Ask the experts - Winter 2020

Got a burning question you’re not quite ready to ask in person? Send your questions to our experts and have them answered here.

  • Winter 2020
  • Ask the experts

Family ties

Q: Before we were married my husband fathered a child with his then girlfriend, a relationship which was basically a prolonged fling. The baby, a girl, was adopted. She has since tracked down my husband and they have communicated via email several times. She has children of her own and wants to get to know her biological father. I believe she has also contacted her biological mother who has declined to meet for whatever reason.

Now, my husband and I have two adult children of our own and grandchildren. They know nothing of this and I feel it would be a huge shock to them and a source of hurt potentially. My husband feels a responsibility to get to know his biological child, especially given her biological mother has refused. I, however, am concerned how this will affect our family.

A:  Your situation sounds difficult and I can certainly understand your reluctance and fears. However, this is a reality, and the potential has always existed for the consequences of his decisions as a young man to come back to him. This adult child has spent her life not knowing her biological parents, and a significant part of her identity still needs to be developed via getting to know her genetic father. Genetics are important as they account for a great deal of our personality and medical predispositions.

I suggest taking it slow, telling your adult children that you have something difficult to share with them and that you hope they will be understanding. Tell them it will come as quite a shock to them, as it did to you, but that a woman has made contact with you about meeting her biological father. Give them time to process what has happened. Invite them to ask questions. Be open. And ask them to try and keep an open mind; having this person in your lives may enrich you all, providing extra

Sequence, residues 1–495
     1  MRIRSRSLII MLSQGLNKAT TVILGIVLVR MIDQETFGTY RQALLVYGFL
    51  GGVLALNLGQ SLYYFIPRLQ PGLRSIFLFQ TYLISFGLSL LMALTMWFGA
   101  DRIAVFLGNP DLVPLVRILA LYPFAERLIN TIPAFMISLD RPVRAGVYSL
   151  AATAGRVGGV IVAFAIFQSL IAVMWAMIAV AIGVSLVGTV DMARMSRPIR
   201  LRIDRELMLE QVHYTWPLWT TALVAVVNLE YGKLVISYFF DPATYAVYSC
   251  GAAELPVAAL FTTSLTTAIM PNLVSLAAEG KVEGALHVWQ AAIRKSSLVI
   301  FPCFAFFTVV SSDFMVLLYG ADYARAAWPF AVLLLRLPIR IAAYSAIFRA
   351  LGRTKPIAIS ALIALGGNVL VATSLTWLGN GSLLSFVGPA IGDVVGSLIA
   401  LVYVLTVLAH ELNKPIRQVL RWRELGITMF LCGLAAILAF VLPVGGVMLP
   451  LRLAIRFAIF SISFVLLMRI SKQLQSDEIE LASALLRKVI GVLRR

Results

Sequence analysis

family members to get to know and enjoy.

Answered by Dr Rachel Hannam, North Brisbane Psychologists

Slipped standards?

Q: I realise this may seem like a triviality but it bothers me greatly to see how dress standards have slipped dramatically in recent years. My granddaughter wears jeans to work in her office and assures me it is the norm. I retired only 10 years ago and cannot recall seeing any of the ladies wearing jeans in an office environment! Am I just old fashioned?

A: I suppose you are used to a different dress standard from a different time. Fashion and dress code expectations are certainly changing year on year and being 72 years old I have seen a lot change myself. Funnily enough one of my grandsons is a labourer and outside of work he is always dressed to impress. My granddaughter on the other hand is studying law and is what you would call a tomboy, not really into fashion or fuss. I expect she will dress appropriately when she is working in an office environment of course. The bottom line is the expectation set by an employer. If they want a casual office environment then they are likely to encourage staff to dress that way. Every workplace is different.

Answered by Jan T, National Seniors member


Q: On behalf of many other seniors and myself, I would like someone from the dental profession to explain what is on offer these days apart from dental implants (very expensive) and dentures, which often cannot be used because of loss of too many teeth. Is there some other option like a plate that can be used and held by suction? If so, how much does this cost and how is it done?

A: Both dentures and implants are long-lasting treatments that can improve your quality of life. Dentures usually require short and easy appointments and are cost-effective, with an average price of $1,350 for a full denture. However, finding the perfect stability in your mouth is the biggest challenge and it takes time to get used to them.

Implants can fix the prothesis, increasing comfort considerably while looking more natural. However, they involve surgical procedures, and a single implant can cost between $3,000 and $6,500. A thorough discussion with your dentist is fundamental. Your general health and the status of your gums, bone and remaining teeth can determine which treatment is the most suitable for you, as well as the final cost.

Answered by Dr Annamaria Sordillo, Scientific Consultant for AIRFLOW Dental Spa